So remarkably perverse is the nature of man, that he despises those that court him, and admires whoever will not bend before him.
Our form of government does not enter into rivalry with the institutions of others. We do not copy our neighbours, but are an example to them. It is true that we are called a democracy, for the administration is in the hands of the many and not of the few. But while the law secures equal justice to all alike in their private disputes, the claim of excellence is also recognised; and when a citizen is in any way distinguished, he is preferred to the public service, not as a matter of privilege, but as the reward of merit. Neither is poverty a bar, but a man may benefit his country whatever be the obscurity of his condition.
The powerful exact what they can; the weak grant what they must.
Be convinced that to be happy means to be free and that to be free means to be brave. Therefore do not take lightly the perils of war.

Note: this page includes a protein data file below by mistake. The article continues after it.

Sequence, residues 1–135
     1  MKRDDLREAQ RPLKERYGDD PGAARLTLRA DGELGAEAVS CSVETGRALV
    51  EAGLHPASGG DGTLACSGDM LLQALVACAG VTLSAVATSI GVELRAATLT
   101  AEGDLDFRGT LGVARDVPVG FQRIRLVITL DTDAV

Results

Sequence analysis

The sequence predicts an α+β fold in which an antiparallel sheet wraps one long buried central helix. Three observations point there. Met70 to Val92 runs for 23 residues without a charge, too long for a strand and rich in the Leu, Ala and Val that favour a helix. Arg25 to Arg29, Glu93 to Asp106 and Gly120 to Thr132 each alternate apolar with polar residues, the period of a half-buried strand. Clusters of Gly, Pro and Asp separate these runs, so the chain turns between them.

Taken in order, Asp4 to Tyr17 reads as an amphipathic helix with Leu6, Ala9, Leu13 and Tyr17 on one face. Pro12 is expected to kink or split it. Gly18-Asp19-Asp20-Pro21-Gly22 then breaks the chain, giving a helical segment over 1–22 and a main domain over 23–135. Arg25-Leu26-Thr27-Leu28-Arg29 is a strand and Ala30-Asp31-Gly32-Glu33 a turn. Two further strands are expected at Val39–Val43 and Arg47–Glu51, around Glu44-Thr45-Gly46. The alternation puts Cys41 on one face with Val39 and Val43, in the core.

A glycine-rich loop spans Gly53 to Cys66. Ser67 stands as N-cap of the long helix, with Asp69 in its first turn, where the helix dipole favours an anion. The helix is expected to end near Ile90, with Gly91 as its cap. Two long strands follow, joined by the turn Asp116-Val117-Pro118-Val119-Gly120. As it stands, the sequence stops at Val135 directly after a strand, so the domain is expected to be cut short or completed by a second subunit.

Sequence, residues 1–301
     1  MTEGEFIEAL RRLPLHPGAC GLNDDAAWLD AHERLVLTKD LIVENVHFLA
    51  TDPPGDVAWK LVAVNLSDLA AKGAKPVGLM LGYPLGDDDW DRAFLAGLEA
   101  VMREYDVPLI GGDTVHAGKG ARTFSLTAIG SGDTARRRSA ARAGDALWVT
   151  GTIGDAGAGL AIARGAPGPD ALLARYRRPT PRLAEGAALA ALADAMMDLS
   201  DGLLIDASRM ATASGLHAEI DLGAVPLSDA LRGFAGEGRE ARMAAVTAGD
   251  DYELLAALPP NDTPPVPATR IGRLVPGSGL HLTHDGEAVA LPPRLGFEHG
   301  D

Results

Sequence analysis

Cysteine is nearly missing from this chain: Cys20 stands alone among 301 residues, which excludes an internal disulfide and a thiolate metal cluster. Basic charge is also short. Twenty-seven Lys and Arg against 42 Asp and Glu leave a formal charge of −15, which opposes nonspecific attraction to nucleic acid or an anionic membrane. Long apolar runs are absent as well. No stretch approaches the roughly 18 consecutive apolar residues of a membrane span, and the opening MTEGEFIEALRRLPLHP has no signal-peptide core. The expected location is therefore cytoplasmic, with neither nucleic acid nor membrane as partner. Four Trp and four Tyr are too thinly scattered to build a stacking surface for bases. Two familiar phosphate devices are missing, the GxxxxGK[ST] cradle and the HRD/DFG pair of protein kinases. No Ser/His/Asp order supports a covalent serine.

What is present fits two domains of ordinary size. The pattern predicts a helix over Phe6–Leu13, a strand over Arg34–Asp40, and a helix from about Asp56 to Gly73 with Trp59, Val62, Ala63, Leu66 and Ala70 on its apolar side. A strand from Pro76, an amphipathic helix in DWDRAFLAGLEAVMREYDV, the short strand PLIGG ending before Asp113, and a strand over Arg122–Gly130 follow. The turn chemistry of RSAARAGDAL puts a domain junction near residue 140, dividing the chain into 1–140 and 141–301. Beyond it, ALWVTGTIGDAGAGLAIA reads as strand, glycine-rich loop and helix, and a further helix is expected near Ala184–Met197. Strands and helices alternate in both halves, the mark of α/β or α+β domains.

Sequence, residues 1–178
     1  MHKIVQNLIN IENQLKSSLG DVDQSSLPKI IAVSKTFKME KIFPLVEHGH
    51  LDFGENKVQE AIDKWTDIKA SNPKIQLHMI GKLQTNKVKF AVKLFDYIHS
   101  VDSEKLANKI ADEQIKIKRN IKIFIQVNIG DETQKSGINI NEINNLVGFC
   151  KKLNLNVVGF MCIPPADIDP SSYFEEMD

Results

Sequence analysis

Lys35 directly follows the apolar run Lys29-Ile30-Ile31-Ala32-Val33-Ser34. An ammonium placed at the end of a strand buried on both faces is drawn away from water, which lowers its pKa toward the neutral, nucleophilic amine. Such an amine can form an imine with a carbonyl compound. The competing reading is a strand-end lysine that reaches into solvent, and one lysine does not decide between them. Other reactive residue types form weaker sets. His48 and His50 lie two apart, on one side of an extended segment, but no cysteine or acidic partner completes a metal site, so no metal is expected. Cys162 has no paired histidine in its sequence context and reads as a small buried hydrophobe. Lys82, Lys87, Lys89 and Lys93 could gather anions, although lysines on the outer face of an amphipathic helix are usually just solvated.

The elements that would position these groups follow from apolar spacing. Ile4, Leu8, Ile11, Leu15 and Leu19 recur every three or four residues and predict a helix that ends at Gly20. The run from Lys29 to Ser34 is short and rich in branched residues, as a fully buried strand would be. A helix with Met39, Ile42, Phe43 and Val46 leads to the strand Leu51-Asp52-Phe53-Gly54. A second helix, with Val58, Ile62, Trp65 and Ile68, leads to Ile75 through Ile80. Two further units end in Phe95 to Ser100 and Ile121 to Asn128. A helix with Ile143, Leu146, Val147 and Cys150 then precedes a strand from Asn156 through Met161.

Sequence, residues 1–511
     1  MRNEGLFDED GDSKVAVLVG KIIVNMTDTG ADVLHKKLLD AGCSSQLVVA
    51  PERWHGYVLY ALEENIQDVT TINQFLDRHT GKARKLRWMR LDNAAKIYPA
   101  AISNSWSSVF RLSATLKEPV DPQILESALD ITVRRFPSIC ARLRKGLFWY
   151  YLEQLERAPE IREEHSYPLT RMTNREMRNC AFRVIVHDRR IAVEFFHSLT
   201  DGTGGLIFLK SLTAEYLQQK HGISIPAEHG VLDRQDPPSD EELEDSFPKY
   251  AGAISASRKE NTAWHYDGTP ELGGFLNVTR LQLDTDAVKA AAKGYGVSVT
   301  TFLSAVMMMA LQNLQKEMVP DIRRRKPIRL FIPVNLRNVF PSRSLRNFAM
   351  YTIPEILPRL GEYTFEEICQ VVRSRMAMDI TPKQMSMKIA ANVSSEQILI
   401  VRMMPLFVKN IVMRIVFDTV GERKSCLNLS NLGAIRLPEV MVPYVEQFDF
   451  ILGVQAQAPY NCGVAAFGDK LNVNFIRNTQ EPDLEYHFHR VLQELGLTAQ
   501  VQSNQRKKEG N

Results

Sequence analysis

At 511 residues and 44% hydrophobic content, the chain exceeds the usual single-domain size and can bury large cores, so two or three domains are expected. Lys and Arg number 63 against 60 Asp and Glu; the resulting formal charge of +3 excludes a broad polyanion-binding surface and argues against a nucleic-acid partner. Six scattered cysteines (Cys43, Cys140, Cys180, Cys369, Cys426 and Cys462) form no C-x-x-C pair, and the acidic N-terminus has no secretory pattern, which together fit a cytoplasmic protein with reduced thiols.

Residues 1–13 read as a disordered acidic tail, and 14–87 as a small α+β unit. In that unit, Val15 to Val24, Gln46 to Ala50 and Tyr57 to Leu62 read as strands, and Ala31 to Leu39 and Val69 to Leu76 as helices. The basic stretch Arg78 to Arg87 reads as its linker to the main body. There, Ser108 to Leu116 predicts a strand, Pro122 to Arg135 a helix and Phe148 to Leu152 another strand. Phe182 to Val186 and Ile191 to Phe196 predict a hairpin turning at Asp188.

We Greeks believe that a man who takes no part in public affairs is not merely lazy, but good for nothing.
Men’s indignation, it seems, is more excited by legal wrong than by violent wrong; the first looks like being cheated by an equal, the second like being compelled by a superior.
Wondering Whom to Read Next?
- Thales of Miletus Greek Philosopher, Mathematician
- Polybius Greek Historian
- David Hume Scottish Philosopher, Historian
- Henry Kissinger American Diplomat
- Thomas Hobbes English Political Philosopher
- Niccolo Machiavelli Florentine Political Philosopher
- Aristotle Ancient Greek Philosopher
- Plato Ancient Greek Philosopher
- Xenophon Ancient Greek Philosopher
- Aesop Greek Fabulist